Lifestyle choices promoting testicular health

Men understand the importance of protecting their testicles. Precariously situated on a man’s body, the testicles are at risk of physical injury, testicular cancer, especially in young men, and other medical conditions. Responsible for making sperm and producing the hormone testosterone, the testicles play an invaluable role in male reproduction and the physical characteristics of a man’s body. 

There are certain steps each man can take helping to protect and promote the health of the testicles

These steps are vital for keeping these two small organs in tip-top shape to perform their functions.

Here are lifestyle choices men can do promoting their testicular health: 

  • Know how to do a monthly testicular self-exam

Testicular cancer will affect about one in every 250 men during their lifetime. Men over the age of fifty rarely develop this cancer. Most cases of this disease are diagnosed in men ages 15-39, with the average age at diagnosis being 33. 

A common symptom of testicular cancer is often a painless lump or swelling in a testicle. This swelling or lump may be no bigger than a pea, with an irregular thickening feel found on a testicle.  Additional symptoms might include:

  • Pain or an ache noticed in the back, groin, lower abdomen, or scrotum
  • Testicular changes in size or feel 
  • A feeling of heaviness in the scrotum or noticeable bloating in the lower abdomen

Here’s what men can do:

Learn how to perform a monthly testicular self-exam.  Any changes noticed should be evaluated as soon as possible. When caught early, there is an excellent chance of survival with a full recovery. 

  • Do not smoke

Cigarette smoking has a host of health problems associated with this habit, and increasing the risk of testicular cancer is one of them. This includes e-cigarettes and smokeless tobacco (chewing tobacco), as each contains nicotine. Nicotine from these products can cause irreparable damage to blood vessels, increasing a man’s risk of testicular cancer and can delay healing after cancer treatment. In addition, research has shown that smoking marijuana daily may increase the risk of testicular cancer. The longer a man has smoked marijuana, the higher the chance of developing this disease – daily marijuana joints for at least ten years increase this risk by 36 percent. Like cigarettes, marijuana releases carcinogens causing a greater risk of cancer. 

Here’s what men can do: 

If you currently smoke cigarettes or marijuana, ask your healthcare provider how to quit. 

  • Eat foods rich in antioxidants

Male infertility can be affected by food choices men make. Too many ultra-processed foods, such as pizza, burgers, fries, and soda, do not improve testicular health. The trouble with ultra-processed foods is they are packed with excess sugar, salt, and unhealthy fats and are devoid of protein and fiber. This is the perfect set-up for increasing inflammation and oxidative stress, which can negatively impact male fertility, especially affecting testicular tissue susceptible to oxidative stress.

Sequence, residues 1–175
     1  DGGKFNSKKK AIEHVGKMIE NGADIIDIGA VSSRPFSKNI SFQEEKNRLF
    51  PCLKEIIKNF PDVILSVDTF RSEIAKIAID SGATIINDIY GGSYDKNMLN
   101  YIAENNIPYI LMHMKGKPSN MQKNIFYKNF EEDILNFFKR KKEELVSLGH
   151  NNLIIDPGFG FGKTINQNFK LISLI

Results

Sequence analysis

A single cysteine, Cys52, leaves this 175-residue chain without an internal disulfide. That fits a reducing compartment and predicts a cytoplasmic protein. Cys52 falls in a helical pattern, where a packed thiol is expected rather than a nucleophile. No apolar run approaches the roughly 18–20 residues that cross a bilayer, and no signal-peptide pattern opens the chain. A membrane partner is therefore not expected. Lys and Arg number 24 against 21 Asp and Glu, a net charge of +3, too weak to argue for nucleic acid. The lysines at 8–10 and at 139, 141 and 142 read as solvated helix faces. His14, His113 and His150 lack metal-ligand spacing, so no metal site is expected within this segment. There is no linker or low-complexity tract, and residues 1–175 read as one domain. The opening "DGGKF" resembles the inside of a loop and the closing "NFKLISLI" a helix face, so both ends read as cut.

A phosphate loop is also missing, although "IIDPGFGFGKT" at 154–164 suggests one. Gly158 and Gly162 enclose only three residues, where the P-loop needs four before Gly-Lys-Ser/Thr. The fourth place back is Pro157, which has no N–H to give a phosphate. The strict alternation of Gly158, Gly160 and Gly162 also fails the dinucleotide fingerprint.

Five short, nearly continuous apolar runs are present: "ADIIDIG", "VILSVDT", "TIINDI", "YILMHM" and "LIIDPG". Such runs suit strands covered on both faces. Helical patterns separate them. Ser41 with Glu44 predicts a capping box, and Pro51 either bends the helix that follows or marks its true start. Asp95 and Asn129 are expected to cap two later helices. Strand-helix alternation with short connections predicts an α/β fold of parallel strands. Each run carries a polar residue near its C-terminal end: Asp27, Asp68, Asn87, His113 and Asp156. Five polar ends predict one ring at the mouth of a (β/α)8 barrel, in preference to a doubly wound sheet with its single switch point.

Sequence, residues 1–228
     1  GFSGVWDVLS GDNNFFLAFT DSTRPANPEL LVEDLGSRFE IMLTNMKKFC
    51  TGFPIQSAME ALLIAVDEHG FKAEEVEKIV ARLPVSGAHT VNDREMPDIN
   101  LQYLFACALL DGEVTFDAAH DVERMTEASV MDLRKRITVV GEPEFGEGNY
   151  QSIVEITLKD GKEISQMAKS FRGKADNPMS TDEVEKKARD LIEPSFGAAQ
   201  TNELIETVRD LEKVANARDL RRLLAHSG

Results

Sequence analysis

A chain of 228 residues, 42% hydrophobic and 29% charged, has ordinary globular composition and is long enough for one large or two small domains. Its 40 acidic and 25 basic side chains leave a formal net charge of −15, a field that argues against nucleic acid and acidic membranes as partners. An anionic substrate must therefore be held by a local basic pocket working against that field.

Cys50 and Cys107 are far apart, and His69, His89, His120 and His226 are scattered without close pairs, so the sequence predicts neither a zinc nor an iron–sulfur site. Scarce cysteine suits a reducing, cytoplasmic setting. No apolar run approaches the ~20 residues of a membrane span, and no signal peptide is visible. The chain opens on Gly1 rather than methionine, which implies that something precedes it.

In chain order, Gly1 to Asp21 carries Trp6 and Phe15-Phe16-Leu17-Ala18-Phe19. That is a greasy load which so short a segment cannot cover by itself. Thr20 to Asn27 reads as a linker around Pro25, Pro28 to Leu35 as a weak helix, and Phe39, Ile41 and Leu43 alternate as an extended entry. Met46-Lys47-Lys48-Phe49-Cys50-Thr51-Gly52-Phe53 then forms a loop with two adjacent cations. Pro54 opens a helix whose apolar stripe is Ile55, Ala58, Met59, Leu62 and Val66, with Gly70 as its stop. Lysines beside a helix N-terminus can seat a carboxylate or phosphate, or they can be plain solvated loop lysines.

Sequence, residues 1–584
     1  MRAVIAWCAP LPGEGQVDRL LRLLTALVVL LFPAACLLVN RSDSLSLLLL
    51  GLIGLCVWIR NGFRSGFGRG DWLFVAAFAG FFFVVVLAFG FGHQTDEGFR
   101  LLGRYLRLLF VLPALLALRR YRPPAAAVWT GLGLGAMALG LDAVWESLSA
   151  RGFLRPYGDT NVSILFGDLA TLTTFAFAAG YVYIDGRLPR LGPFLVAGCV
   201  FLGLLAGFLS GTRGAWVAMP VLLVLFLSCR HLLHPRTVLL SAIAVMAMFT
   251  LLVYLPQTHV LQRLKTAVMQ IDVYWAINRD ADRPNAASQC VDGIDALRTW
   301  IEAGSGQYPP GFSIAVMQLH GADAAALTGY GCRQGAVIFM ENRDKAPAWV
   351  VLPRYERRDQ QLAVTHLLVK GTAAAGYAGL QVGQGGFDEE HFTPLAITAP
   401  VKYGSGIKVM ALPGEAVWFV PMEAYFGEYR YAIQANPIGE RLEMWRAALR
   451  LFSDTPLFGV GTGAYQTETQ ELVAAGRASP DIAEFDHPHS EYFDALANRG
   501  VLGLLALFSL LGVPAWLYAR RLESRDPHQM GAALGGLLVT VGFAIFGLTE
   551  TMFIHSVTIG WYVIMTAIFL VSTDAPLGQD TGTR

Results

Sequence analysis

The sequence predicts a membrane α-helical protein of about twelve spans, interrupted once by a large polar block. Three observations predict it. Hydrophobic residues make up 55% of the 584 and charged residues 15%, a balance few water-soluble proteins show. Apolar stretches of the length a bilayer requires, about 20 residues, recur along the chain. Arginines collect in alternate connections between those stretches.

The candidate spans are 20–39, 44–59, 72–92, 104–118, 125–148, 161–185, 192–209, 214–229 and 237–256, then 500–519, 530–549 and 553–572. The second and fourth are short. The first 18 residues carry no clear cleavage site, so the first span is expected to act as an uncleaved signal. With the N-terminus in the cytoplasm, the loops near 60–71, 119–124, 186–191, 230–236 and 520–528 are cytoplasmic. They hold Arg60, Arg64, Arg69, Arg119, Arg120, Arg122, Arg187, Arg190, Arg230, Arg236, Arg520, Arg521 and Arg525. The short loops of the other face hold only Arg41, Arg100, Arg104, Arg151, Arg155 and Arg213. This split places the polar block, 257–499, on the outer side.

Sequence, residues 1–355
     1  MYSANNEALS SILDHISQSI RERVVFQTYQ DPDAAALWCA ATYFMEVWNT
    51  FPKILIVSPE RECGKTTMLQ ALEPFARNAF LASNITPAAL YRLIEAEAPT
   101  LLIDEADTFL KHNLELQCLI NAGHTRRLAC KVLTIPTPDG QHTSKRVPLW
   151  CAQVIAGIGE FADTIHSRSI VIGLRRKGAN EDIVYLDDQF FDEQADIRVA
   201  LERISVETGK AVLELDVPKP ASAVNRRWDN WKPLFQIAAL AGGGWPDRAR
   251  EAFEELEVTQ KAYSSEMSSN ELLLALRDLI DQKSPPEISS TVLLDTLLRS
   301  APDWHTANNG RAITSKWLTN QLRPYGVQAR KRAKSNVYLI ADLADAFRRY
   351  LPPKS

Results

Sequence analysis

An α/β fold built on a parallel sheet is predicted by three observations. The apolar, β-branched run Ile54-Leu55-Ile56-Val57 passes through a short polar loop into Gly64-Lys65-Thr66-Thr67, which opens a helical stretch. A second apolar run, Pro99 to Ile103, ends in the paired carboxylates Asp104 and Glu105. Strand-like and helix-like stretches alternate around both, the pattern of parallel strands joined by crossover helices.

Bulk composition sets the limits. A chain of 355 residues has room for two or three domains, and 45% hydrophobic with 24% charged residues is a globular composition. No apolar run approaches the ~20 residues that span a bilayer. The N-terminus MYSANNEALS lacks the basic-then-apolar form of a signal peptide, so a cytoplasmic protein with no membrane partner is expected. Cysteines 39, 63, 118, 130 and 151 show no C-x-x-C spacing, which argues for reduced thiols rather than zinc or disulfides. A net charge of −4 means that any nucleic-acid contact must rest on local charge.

Here’s what men can do:

Since oxidative stress has a strong link to many chronic diseases, including cancers, men should include everyday foods rich in antioxidants.  The best foods to choose from are fruits and vegetables such as leafy greens, blueberries, raspberries, prunes, oranges, Brussels sprouts, broccoli, peppers, and eggplant. Antioxidants improve testicular health by breaking down oxidative stress by helping a man’s body fight off free radicals created from oxidative stress. 

  • When playing sports, wear protection

Whatever a man’s age and depending on the sport, men should wear protection for their eyes, head, and even hands.  But what about wearing protective equipment to protect their genitals? Significant injuries can occur if a man is not wearing protection to his penis or testicles, such as testicular contusion or a ruptured testicle during physical activity. Injuries sustained during a sporting event could also have lasting ramifications for a man’s fertility. For example, wearing protective gear for the testicles makes sense in contact sports such as football, hockey, rugby, soccer, and mixed martial arts. However, even running, bicycling, and a quick game of basketball can jostle a man’s private parts.

Here’s what men can do:

 The answer for men is to wear a protective cup or jockstrap that helps prevent serious injury to a man’s testicles. A protective cup is composed of a hard outer shell lined with padding protecting the groin area. Jockstraps, also known as athletic supporters, resemble underwear in the front with a snug-fitting front pouch keeping a man’s manhood in place. 

Dr. David Samadi is the Director of Men’s Health and Urologic Oncology at St. Francis Hospital in Long Island. He’s a renowned and highly successful board certified Urologic Oncologist Expert and Robotic Surgeon in New York City, regarded as one of the leading prostate surgeons in the U.S., with a vast expertise in prostate cancer treatment and Robotic-Assisted Laparoscopic Prostatectomy.  Dr. Samadi is a medical contributor to NewsMax TV and is also the author of The Ultimate MANual, Dr. Samadi’s Guide to Men’s Health and Wellness, available online both on Amazon and Barnes & Noble. Visit Dr. Samadi’s websites at robotic oncology and prostate cancer 911.

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